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Several weeks ago, a financial planner came to me for advice. Hackers had been attempting to compromise his RIA firm’s QuickBooks online package, even though he had text and SMS authentication in place. The attacker was able to log in and was attempting to send out invoices to customers to steal money. Fortunately, he was able to change passwords before any damage was done.
But it got him worried about next time.
Keeping up with cybersecurity feels like a game of cat and mouse. Unsuspecting users get lured into traps by hackers seeking to gain access to vital information. As hackers get better, security technology gets better, so the hackers get better. The game keeps going in a circle from which none of us will ever escape.
Cybersecurity threats become exponentially serious for RIA firms, especially when there’s hundreds of millions of dollars at stake. As a RIA, it’s pivotal to protect yourself, your employees and your firm. One wrong move by anyone in your firm could lead to crucial data getting dropped into the wrong hands.
Even if you made decisions about your security as recently as 12 months ago, you need to refresh. There are new cybersecurity protection features being added, which you may not know are readily available. I’ll name a few new features that are very applicable to RIA firms.
1. Stay IT compliant! One of the most heavily regulated industries is financial services. There are plenty of laws and policies to ensure that everyone operates legally and fairly. For example, RIAs have to abide by SEC rule 17a-4(f), which defines the requirements and standards for storing books and records electronically to be IT compliant. Very few of the RIAs that I meet are aware that email archiving on the Microsoft platform meets all the SEC requirements. This also goes for Microsoft Teams instant messaging and files and folders storage. They meet the SEC compliance requirement, so you don’t need a third-party tool.
There is a myriad of requirements, but Microsoft tools such as Azure and Office 365 make it easier to improve and maintain compliance. Make sure your IT provider is adhering to all of them.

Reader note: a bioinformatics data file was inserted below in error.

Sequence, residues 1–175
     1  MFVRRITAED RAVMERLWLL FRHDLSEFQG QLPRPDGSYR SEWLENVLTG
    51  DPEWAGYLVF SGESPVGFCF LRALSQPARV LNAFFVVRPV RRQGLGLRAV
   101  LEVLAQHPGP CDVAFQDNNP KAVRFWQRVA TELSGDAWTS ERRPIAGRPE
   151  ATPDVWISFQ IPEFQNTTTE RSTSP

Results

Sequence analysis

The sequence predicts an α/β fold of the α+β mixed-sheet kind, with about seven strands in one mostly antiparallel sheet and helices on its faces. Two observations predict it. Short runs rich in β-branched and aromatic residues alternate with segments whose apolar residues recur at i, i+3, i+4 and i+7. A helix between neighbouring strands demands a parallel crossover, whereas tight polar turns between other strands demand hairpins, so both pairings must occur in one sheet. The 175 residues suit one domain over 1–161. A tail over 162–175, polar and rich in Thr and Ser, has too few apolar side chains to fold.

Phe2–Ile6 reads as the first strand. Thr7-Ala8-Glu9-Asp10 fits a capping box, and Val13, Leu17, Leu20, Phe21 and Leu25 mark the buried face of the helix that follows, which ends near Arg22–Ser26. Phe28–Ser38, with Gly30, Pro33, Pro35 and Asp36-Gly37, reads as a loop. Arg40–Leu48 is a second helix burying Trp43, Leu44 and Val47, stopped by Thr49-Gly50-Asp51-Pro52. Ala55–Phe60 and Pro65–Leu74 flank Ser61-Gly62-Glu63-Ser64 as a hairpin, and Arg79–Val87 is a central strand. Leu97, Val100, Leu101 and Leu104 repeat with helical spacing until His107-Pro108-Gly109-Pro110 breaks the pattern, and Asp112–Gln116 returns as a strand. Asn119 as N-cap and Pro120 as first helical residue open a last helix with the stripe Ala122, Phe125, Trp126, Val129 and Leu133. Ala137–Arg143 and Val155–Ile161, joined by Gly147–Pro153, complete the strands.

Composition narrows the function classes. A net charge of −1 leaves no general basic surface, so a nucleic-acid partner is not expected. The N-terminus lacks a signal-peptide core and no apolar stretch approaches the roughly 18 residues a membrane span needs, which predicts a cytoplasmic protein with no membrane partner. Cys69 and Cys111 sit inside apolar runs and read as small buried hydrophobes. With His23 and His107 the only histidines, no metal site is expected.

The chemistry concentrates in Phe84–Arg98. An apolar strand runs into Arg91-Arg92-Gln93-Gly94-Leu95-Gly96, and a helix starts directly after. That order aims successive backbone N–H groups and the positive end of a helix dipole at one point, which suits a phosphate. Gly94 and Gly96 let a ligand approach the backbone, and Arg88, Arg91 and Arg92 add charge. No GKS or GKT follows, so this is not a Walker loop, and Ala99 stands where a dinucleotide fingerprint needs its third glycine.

2. Get set up with the latest data loss prevention tools. I see a lot of RIAs using Microsoft platform products, but they aren’t tapping into data loss prevention (DLP) tools. Configured properly, DLP prevents accidental or intentional data loss, and minimizes the risk of a data breach. The DLP tool is geared by policies and conditions that determine how certain information, including emails, files and attachments, is regulated and stored. For example, if someone in your RIA sends an email with Social Security or account numbers, Microsoft DLP can automatically block the email and encrypt it before it leaves your domain. Or it can get forwarded to your RIA’s chief compliance officer. DLP tools look for anything suspicious looking – email, instant messaging and files – and treat it the way you designate.
3. What’s your RIA’s security score? Very few RIAs know theirs. You can get it from security.microsoft.com. It requires administrative level access to a Microsoft account; usually, your firm’s chief compliance officer (CCO) will have this type of access. It’s an objective score no matter who your IT provider is. Try it. Hopefully, you’ll receive validation that you’re doing everything right.
4. For multi-factor authentication, ditch the text messaging. Use Microsoft Authenticator. I mentioned the RIA who recently sought my advice after a hacking attempt using text and SMS authentication. While text messaging has been the most popular form of authentication, it’s no longer the most secure. Hackers have found ways to intercept text messages and use them to access accounts. I recommend the Microsoft Authenticator app. You can download it for free on your phone or tablet from the App Store or Google Play.
Microsoft Authenticator is more secure than SMS text because it uses a time-based one-time password (TOTP) instead of a simple text message. TOTP is a computer algorithm that generates a unique code at set intervals, such as every 30 seconds. Each code can be used only once and expires after a short period, so even if a hacker manages to intercept a code, they can’t use it to log in if the code has expired.
5. Beware of tricky questions on RIA insurance renewal forms. I cannot stress enough the importance of staying IT compliant. I see a lot of RIAs coming to me with their cybersecurity insurance renewal forms. These contain a lot of technical questions on IT compliance and cybersecurity. Some of the smaller financial advisors and RIAs may be “winging it” by answering yes when in fact, it’s not the correct answer. Not answering these questions correctly could compromise your RIA’s IT insurance.
Protecting client data is crucial to a RIA’s customer and supplier trust and loyalty. Running an investment advisory firm means you handle important financial information and customer data all the time – and it’s pivotal that you protect it. Be sure your IT provider is maximizing security tools with the highest level of protection.
Share your best practices for keeping your RIA secure! Leave your comments on APViewpoint.
David Kakish is CEO of RIA WorkSpace, a provider of Cloud and managed IT services for RIA firms most often with five to 25 employees. As an author, entrepreneur and IT expert, David is committed to helping RIAs navigate their way through the world of ever-changing technology and complex IT environments. For more information, visit RIAWorkspace.com or connect with David at [email protected].
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